Wednesday, April 23, 2008

In the Cellar With Union Square Cafe

For my April "In the Cellar" column in the New York Sun, I interviewed Steve Mancini, the wine director at Union Square Cafe. Mancini once again served to impress upon me the extreme youth of New York's major sommeliers these days. The Modern, Per Se, Eleven Madison Park, etc.—they're all run by babies! But what enthusiastic, knowledgable babies! Mancini is the kind of excitable wine guy that gets you excited about wines. I was particularly pleased to discover he toys around with homemade limoncello and amaro—just like moi.

The Mad Scientist of 16th Street


In the wine cellar of restaurateur Danny Meyer’s perennially popular Union Square Café, there are a few large mason jars of neon-yellow liquid. The contents are not radioactive: The jars contain housemade limoncello, created from a family recipe provided by the restaurant’s youthful, experiment-loving wine director, Stephen Mancini.

The lemon-based Italian liqueur, mixed with grappa and citrus juices, is used to make the Forza Totti — one offering from the new cocktail program Mr. Mancini has been developing since last fall. The 27-year-old puts much stock in family recipes. He and his father cure their own prosciutto every year, and his first exposure to wine was the garage brew whipped up by his grandfather. Mr. Mancini’s uncle has now assumed the family winemaking duties, aging the alcohol in glass, which lends it a bit of carbonation. “It’s not as much about making an amazing product as it is about tradition,” Mr. Mancini said.

Noting that his staff could similarly benefit from firsthand exposure to winemaking, he said he’s discussed with Union Square’s general manager the possibility of making wine at the restaurant — not for patron consumption, but for educational purposes. The idea came to him last fall when he voluntarily assisted Californians Bob Foley and Abe Schoener with their harvests. “Who knows? We could make the worst wine ever,” he said. “But being able to share that experience I had with Bob Foley — drinking juice that was not fully fermented out of his 10-ton steel fermenters, seeing how that wine has evolved — it was brilliant.”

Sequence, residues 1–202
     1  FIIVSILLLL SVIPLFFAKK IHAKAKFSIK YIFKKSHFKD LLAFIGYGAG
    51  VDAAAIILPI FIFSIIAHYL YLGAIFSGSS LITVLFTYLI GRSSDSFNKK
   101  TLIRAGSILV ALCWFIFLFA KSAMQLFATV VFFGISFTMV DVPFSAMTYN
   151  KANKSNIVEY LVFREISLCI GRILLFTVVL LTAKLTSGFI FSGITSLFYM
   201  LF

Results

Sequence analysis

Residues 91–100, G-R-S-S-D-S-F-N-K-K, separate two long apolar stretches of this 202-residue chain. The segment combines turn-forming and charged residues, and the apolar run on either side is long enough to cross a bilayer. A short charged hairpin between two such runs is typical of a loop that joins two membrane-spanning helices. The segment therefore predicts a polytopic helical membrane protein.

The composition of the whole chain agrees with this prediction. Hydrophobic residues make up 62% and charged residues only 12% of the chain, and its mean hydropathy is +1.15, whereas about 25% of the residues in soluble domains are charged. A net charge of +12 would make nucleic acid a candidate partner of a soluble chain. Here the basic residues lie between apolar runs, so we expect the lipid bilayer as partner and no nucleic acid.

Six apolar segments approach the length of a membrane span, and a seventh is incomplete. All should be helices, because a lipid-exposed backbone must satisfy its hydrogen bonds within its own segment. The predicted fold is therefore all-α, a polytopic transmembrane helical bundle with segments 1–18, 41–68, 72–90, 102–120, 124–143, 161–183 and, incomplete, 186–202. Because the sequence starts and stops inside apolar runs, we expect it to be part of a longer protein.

Mr. Mancini hails from Italian immigrant families on both sides: His father was born outside of Rome, and his mother’s family came from Calabria. After graduating from Villanova University, he worked his way up to captain from busboy at Mr. Meyer’s Gramercy Tavern, and learned about wine under the tutelage of former Gramercy Tavern sommeliers Paul Greco and Karen King. Union Square Café is his first gig as a full-out wine director.

He tends to look at Union Square’s wine list as something like a many-layered archeological dig. “I’d say that I’ve definitely been able to put my fingerprint on the list,” he said. “That being said, this list is different than a lot of lists in New York City. It still has purchases that Danny Meyer put on the list originally. Every wine director since Danny has made a contribution.”

One of Mr. Mancini’s major innovations is a full page of grappas. They hail from a range of Italian regions and include a 1984 Bric Del Gaian from the Piedmont ($50 a glass). “I think sometimes people have a preconceived notion of what grappa is,” he said. “We have such great Armagnacs and Cognacs here. Since our list is very much an Italian list and our restaurant very much has an Italian soul, if we’re going to support the after-dinner-drink lifestyle, it’s only right we have a grappa page.”

Another new aspect is the aforementioned cocktail menu. Each cocktail contains an Italian ingredient made in a different area of the country, and Mr. Mancini has arranged the menu in the manner of a wine list, ordering the drinks region by region, running from the top of the Italian boot (a Venetian Spritz made with prosecco and Aperol) to the bottom (a Sicilian Wallbanger, made with imported Sicilian blood orange juice, vodka, and Galliano liqueur).

“I didn’t want to just make drinks and say, ‘These are our cocktails’ — a drunken cranberry spritzer or whatever,” he said. “So I made it all Italian. We find our inspiration for these drinks from an ingredient from a region.”

Future cocktails may benefit from Mr. Mancini’s mad-scientist proclivities. He’s experimenting with homemade versions of the Italian herbal liqueur known as amaros, as well as a juniper-infused gin. At this rate of invention, the Mancini grandchildren will have considerably more family recipes to choose from.

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